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Tokyo’s Yasukuni Shrine was designed and built in 1869 to commemorate the individuals who have sacrificed their lives for the good of the Empire of Japan, and nearly 2.5 million people are currently enshrined there. Among those whose names are listed on the shrine are soldiers, students, relief workers and wartime medics. Unlike a Western cemetery, souls enshrined are honored by temple visitors in what can only be called worship.

This particular shrine has been surrounded by controversy over the years, mainly because of the 14 convicted war criminals who have been interred there. Notably, Prime Minister General Hideki Tojo, the man directly responsible for the attack on Pearl Harbor, was enshrined at Yasukuni after his execution in 1948. Hundreds of thousands of people visit the shrine every year, some as an act of patriotism and others as a political statement geared at Japan’s neighbors in Asia.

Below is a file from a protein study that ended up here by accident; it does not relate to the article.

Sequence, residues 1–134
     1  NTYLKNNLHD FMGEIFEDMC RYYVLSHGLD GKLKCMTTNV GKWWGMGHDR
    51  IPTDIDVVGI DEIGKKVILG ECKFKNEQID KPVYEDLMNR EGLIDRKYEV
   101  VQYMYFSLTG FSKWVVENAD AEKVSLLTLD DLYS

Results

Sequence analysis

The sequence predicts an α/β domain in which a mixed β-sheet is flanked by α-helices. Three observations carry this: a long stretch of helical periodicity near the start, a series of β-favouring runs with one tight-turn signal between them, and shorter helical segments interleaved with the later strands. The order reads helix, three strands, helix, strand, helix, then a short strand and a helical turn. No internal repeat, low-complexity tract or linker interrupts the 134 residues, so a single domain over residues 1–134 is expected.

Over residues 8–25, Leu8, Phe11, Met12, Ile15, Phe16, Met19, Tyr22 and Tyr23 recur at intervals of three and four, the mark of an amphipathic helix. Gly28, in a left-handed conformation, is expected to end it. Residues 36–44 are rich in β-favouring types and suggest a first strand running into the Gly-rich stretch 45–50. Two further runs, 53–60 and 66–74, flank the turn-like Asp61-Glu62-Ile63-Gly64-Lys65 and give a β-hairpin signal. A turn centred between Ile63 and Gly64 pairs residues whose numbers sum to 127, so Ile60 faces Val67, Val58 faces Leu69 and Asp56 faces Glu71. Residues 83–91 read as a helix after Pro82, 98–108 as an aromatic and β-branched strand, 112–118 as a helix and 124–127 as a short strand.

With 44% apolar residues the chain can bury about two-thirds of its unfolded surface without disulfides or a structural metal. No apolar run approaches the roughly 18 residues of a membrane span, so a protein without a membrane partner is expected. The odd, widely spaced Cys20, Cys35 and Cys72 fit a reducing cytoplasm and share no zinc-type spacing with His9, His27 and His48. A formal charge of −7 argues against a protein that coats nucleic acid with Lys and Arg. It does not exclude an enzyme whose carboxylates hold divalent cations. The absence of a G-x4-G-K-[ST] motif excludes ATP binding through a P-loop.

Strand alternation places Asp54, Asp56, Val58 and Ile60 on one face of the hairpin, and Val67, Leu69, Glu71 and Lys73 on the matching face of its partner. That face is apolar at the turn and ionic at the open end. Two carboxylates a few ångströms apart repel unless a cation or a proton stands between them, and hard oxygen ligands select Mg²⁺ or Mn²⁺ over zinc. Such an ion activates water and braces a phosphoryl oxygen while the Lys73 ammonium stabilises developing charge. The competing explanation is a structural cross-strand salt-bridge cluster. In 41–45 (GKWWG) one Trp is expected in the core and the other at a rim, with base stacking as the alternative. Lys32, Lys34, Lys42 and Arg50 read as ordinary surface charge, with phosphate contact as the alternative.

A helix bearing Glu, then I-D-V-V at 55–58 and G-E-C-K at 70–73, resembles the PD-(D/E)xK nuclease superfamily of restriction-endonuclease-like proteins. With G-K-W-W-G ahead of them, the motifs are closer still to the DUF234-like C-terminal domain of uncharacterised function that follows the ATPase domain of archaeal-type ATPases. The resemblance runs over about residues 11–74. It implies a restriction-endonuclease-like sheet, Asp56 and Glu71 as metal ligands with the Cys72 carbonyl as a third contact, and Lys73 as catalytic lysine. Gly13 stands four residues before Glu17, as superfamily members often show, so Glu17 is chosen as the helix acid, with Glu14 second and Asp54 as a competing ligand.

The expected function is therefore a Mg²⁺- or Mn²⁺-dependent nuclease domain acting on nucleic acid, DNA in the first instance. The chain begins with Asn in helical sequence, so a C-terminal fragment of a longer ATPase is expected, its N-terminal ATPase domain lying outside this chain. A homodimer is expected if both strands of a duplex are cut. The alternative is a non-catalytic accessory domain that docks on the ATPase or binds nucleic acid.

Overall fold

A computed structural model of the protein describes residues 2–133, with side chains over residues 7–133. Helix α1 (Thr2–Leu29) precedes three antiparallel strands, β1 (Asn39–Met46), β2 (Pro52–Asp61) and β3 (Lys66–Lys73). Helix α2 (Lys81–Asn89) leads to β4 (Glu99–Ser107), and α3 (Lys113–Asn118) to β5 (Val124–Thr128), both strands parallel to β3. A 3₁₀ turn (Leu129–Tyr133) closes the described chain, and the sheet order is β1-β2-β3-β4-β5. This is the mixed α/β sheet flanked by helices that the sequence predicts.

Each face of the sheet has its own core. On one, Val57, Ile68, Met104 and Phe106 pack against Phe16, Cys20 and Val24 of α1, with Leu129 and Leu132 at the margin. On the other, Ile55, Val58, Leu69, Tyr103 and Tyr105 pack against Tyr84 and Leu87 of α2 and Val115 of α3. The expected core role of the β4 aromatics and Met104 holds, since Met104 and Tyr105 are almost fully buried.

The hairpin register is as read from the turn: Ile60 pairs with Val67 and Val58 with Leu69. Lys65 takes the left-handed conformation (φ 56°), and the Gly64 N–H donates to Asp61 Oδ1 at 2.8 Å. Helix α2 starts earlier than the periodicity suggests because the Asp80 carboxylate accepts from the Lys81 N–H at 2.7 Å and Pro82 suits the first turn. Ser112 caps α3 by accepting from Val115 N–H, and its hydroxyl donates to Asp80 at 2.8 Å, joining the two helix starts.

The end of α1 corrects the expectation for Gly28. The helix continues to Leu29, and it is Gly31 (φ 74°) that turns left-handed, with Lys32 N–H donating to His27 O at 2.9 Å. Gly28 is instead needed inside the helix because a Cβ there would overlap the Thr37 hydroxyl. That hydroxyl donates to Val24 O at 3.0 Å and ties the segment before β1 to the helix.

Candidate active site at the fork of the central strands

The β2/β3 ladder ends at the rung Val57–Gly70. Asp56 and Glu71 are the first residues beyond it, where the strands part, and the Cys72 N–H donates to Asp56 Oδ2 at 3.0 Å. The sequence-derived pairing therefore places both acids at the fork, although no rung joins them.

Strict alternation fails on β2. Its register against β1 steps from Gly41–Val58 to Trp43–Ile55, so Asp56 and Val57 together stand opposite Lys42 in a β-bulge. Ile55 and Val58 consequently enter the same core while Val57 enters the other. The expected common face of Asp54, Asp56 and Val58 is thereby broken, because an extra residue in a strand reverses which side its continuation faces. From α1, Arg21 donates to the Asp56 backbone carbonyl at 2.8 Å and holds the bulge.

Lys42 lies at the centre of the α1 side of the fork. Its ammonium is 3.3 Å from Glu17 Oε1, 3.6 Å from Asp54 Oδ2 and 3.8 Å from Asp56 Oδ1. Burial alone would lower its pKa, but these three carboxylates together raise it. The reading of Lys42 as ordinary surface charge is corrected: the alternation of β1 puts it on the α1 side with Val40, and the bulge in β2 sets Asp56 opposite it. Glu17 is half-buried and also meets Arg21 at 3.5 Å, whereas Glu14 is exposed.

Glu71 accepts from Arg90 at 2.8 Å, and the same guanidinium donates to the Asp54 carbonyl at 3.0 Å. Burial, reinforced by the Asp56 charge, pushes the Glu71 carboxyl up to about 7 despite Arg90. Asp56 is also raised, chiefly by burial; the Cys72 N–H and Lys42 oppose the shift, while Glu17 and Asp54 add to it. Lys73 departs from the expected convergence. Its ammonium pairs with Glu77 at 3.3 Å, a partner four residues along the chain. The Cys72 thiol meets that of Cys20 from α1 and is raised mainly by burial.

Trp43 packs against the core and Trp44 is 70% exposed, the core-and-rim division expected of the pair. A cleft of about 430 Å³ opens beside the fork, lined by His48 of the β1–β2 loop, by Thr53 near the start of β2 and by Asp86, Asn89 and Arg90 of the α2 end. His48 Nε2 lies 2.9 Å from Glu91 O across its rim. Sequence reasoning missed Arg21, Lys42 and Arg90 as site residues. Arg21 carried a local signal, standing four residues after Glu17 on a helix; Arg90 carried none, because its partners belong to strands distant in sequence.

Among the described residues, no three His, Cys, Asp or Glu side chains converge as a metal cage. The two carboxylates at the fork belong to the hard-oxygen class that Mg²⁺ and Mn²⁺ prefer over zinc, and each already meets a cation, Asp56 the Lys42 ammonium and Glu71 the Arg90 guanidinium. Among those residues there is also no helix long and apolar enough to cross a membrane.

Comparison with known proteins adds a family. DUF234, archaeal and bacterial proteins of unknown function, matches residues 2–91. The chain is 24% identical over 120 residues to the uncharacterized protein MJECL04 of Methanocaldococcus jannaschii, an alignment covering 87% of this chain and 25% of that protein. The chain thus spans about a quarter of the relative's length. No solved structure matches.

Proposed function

In spite of the controversy, the Yasukuni Shrine remains one of Japan’s few tributes to World War II, and a visit is often a touching experience. For an interesting look at a Japanese take on the war, stop by the Yushukan museum on the grounds of the shrine.

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